- Recently there has been an increase in awareness of the role of drugs other than alcohol in the causation of road accidents and deaths, with the most recent report indicating that 33% of all Victorian (Australia) road fatalities are drug (other than alcohol) related (TAC, 2006). Currently in Victoria, one of the classes of drugs reported to be of most concern is the amphetamines. The epidemiological driving literature highlights a possible association between amphetamine use and road crashes. However, since the cognitive research generally indicates cognitive enhancing properties following amphetamine consumption, it remains unclear how amphetamines may be related to adverse driving. The present thesis was designed to explore this issue. In response to the increasing number of drug-related road fatalities, the Standardised Field Sobriety Tests (SFSTs), designed and validated for the detection and assessment of impairment associated with alcohol intoxication, are currently being employed by the Victoria Police (Australia) for the identification of driving impairment associated with drugs other than alcohol. The present thesis was designed to evaluate whether the SFSTs are a sensitive measure for identifying impairment associated with a single acute therapeutic amphetamine dose. Furthermore, the accuracy of using the SFSTs to detect driving impairment associated with these amphetamine doses was also evaluated. The present thesis examined the effects of a single acute therapeutic dose of various amphetamine preparations, on simulated driving performance, driving-related cognitive processes (assessed using standard cognitive tasks and the electroencephalogram [EEG]), and performance on the SFSTs, in healthy, stimulant-using, non-fatigued adults. The present thesis consisted of five separate experiments. The first three experiments examined the effects of d-amphetamine, d,l-methamphetamine, and d-methamphetamine, on simulated driving performance, driving-related cognitive processes, and performance on the SFSTs. Experiment 4 and Experiment 5 assessed the effects of d-amphetamine and dmethamphetamine on visual and auditory cognitive processes using the EEG. These forms of amphetamines were selected as they are commonly used recreationally by young adult drivers, and occupationally by truck drivers. Experiment 1, Experiment 2, and Experiment 3 employed a repeated-measures, counterbalanced, double blind, placebo-controlled design. In each experiment, twenty different (i.e. 60 participants in total) healthy volunteers (10 males and 10 females) completed two treatment conditions i) placebo and ii) 0.42mg/kg amphetamine (~30mg). Driving performance was assessed using a driving simulator task, which consisted of four driving tasks; 'freeway traffic driving' and 'city traffic driving' in both day and night conditions. Cognitive performance was assessed using a range of computer and pen and paper tasks designed to assess attention, psychomotor performance, and perceptual speed. Specifically, the tasks were: the Digit Span Test; a Digit Vigilance task; a Movement Estimation Task; the Digit Symbol Substitution Test; a Tracking Task; the Trail-Making Test; and the Inspection Time task. SFSTs performance was assessed using the Horizontal Gaze Nystagmus (HGN) test, the Walk and Turn (WAT) test, and the One Leg Stand (OLS) test. Three blood and saliva samples were obtained throughout all experimental sessions (120, 170, and 240 minutes after drug administration). The results indicated that 0.42mg/kg d-amphetamine significantly impaired simulated driving performance, in recreational stimulant users, 2-3 hours post-drug administration, when mean blood amphetamine concentrations were approximately 90ng/mL. No significant driving decrements were observed following d,l-methamphetamine or dmethamphetamine, when methamphetamine blood concentrations were 90ng/mL and 70ng/mL, respectively. There were only few driving behaviours that were found to be significantly reduced with d-amphetamine, such as reductions in signalling adherence and driving too fast for the traffic conditions. However, during all three amphetamine conditions, drivers travelled at a slower speed on the freeway at the time that an emergency situation occurred, relative to the placebo condition. It was argued that either this may result from more cautious driving, or that the reduction in speed acted as a compensatory mechanism to permit drivers to attend to other aspects of driving. Overall, the present results indicate that a therapeutic dose of amphetamine does not produce considerable impairment to driving, as only minimal amphetamine effects were observed on driving performance. In terms of cognitive performance, the results indicated that a therapeutic dose of various amphetamines has minimal effect on driving-related cognitive functioning, with some significant improvements noted in aspects of attention, psychomotor functioning and perceptual speed. This is consistent with the failure to identify significant driving impairments, described above, following a similar dose. However, the ability to perceive and predict motion and estimate 'time to contact', assessed using a movement estimation task, was affected following d-amphetamine and d-methamphetamine consumption. In terms of performance on the SFSTs, the present thesis demonstrated that following the administration of low-level d-amphetamine, d,l-methamphetamine, and dmethamphetamine, performance on the SFSTs was not impaired. Using the SFSTs, impairment associated with low dose d-amphetamine was identified in only 5% of cases, dmethamphetamine in 5% of cases, and d,l-methamphetamine in 0% of cases. These findings indicate that the degree of impairment produced with the low amphetamine dosing conditions was below the threshold of sensitivity of the SFSTs. However, as significant impairments in driving were not observed with amphetamines, the present SFSTs findings highlight that these tests are unlikely to produce false positive results during police drug evaluation procedures for amphetamine-related impairments. Experiment 4 and Experiment 5 similarly employed a repeated-measures, counterbalanced, double blind, placebo-controlled design. In each experiment, twenty healthy volunteers (10 males and 10 females) completed two treatment conditions i) placebo and ii) 0.42mg/kg amphetamine (~30mg). Tasks designed to assess visual and auditory cognitive functions relevant to driving were administered. Specifically, these processes were: divergent visual system pathways (magnocellular and parvocellular pathways); aspects of visual field processing (central and peripheral visual fields); mismatch negativity (MMN); prepulse inhibition (PPI); selective attention; resource allocation; and speed of processing. Two blood and saliva samples were obtained throughout all experimental session (120 and 200 minutes after drug administration). d-amphetamine and d-methamphetamine generally improved cognitive functioning, as assessed with visual and auditory ERP indices. Specifically, the results demonstrated that a low-level acute dose of d-amphetamine and d-methamphetamine improved early processing of visual information (indexed by improvements to the P100 component for the magnocellular and parvocellular visual pathways). In addition, d-methamphetamine improved the speed at which visual information was evaluated and processed (indexed by decreases in P300 latency), which was consistent with d-methamphetamine-related improvements in reaction time. There was a trend for d-amphetamine to improve the speed that changes in auditory stimulation were automatically detected (indexed by decreases in MMN latency). In addition, d-methamphetamine improved the ability to automatically 'screen out' irrelevant and intrusive auditory information (indexed by increases in PPI of the startle response). d-amphetamine was found to improve the speed at which auditory information was evaluated and processed (indexed by decreases in P300 latency), which was substantiated with corresponding improvements in reaction time and accuracy. Although amphetamines were generally shown to enhance ERP indices, a trend was found for d-amphetamine to differentially affect different regions of the visual field, in terms of selective attention. Specifically, there was a trend-level indication that d-amphetamine improved indices of selective attention (denoted by increases in N200 amplitude) for information presented centrally, but impaired indices of selective attention (denoted by decreases in N200 amplitude) for information presented in the periphery. Although impairments to the peripheral visual field were not similarly observed with dmethamphetamine, decrements to indices of selective attention (denoted by decreases in N200 amplitude) were also found with d-methamphetamine during the auditory oddball task. In terms of driving, these results suggest that drivers dosed with low-level amphetamine may not selectively attend to and discriminate changes within the traffic environment, although further research is required to confirm this. In conclusion, the present thesis has demonstrated that a single acute therapeutic dose of amphetamine produces minimal and inconsistent effects to driving. However, some (inconsistent) evidence was found that suggests that there may be mild impairments such as decreased ability to perceive and predict motion, tunnel vision effects, and decrements to selective attention. In addition, the present thesis highlights that at therapeutic doses, amphetamines do not impair SFSTs performance, which is in accordance with the failure to identify substantive amphetamine-related decrements to driving and cognitive functioning observed in the present thesis.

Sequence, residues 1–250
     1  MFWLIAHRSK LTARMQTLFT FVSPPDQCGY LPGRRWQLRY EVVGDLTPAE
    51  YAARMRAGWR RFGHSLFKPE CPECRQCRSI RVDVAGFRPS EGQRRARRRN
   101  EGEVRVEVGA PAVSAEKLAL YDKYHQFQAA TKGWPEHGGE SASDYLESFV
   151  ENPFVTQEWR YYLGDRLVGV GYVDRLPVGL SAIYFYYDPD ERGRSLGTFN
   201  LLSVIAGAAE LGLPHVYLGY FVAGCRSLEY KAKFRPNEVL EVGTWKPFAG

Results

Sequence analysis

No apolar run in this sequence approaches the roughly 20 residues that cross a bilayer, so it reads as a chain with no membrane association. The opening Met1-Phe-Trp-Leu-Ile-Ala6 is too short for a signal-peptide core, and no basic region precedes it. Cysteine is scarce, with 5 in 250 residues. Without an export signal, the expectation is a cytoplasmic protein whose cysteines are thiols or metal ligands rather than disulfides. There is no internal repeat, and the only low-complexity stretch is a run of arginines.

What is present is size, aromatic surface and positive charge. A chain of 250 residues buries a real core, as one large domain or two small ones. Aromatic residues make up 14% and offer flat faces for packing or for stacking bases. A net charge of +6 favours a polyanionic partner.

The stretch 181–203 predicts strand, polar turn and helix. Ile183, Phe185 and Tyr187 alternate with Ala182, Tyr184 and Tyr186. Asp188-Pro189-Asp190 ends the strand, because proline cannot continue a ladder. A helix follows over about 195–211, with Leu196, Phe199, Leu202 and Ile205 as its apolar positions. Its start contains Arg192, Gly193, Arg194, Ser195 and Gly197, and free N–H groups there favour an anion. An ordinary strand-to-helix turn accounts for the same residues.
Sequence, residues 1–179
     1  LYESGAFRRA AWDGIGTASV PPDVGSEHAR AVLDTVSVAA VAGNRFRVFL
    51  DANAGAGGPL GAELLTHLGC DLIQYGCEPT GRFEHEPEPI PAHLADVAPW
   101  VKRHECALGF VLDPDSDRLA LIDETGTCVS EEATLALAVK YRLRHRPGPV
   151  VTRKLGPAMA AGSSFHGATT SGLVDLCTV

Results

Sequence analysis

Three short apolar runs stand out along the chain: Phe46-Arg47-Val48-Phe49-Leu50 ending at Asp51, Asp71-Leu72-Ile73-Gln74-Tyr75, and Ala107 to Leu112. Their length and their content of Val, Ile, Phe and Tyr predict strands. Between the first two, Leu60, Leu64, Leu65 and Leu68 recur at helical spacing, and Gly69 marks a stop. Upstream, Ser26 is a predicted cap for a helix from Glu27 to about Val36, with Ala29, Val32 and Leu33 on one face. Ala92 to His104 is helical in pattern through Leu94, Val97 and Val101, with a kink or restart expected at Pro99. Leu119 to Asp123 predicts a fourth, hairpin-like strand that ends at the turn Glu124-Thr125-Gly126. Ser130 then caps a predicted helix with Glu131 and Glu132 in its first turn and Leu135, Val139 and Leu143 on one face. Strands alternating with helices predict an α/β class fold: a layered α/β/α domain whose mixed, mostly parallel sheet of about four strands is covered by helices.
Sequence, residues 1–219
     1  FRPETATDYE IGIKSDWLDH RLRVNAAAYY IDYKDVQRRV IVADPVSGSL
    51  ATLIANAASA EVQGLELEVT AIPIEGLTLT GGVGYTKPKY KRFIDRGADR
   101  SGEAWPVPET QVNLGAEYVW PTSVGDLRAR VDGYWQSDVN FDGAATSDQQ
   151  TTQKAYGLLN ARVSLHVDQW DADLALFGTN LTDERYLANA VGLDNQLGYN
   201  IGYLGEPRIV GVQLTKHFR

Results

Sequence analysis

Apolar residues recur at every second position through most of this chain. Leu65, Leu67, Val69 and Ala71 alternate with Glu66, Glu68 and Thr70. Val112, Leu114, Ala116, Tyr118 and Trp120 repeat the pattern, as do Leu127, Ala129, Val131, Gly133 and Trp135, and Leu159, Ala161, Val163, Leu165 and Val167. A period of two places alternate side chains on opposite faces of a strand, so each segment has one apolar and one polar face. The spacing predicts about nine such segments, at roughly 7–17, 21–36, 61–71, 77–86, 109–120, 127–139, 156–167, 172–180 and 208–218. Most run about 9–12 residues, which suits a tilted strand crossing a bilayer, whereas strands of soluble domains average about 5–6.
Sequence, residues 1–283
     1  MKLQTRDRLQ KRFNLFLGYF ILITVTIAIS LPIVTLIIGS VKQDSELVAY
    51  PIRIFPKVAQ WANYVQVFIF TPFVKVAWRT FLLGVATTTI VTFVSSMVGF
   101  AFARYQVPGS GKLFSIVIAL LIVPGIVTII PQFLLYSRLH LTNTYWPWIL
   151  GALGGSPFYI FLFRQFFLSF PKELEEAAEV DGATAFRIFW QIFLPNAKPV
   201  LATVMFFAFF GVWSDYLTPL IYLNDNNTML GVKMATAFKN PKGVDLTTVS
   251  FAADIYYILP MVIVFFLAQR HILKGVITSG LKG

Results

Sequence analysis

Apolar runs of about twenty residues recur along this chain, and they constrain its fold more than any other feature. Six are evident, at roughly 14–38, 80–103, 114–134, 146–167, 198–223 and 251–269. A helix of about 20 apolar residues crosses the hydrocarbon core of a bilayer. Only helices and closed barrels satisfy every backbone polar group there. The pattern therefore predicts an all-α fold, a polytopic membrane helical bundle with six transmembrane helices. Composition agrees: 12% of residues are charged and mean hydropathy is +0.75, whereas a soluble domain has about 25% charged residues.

- Publication type
- Thesis (PhD)
- Publication year
- Amphetamines; Drugs and automobile drivers; Drugs and traffic accidents; Physiological effect of amphetamines
- Australasian Digital Theses collection
- Copyright © 2006 Yvonne B. Silber.
- Thesis Supervisor
- [Rodney J. Croft]
- Thesis Note
- [Submitted in fulfillment of the requirements for the degree of Doctor of Philosophy, Swinburne University of Technology, 2006.]